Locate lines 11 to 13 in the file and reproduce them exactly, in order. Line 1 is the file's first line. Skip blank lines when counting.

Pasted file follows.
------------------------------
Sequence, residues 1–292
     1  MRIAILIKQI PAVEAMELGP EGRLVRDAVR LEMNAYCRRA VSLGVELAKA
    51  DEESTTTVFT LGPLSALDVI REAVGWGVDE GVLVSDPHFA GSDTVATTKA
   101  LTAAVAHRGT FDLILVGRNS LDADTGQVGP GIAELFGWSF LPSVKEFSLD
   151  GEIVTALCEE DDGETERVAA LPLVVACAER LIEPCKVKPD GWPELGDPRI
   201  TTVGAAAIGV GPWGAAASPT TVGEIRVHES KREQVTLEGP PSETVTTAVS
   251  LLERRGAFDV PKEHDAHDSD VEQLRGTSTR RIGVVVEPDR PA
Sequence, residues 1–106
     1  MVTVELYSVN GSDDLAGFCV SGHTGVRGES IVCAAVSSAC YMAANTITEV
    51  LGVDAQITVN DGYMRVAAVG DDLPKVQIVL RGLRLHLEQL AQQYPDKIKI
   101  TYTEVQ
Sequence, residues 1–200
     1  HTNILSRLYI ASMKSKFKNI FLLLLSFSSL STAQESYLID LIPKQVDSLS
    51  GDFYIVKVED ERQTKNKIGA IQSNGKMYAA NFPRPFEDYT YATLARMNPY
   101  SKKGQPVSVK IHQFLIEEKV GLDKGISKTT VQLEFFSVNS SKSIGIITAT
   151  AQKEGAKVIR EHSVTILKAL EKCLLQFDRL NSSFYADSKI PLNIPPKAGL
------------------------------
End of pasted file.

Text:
   101  TYTEVQ
Sequence, residues 1–200
     1  HTNILSRLYI ASMKSKFKNI FLLLLSFSSL STAQESYLID LIPKQVDSLS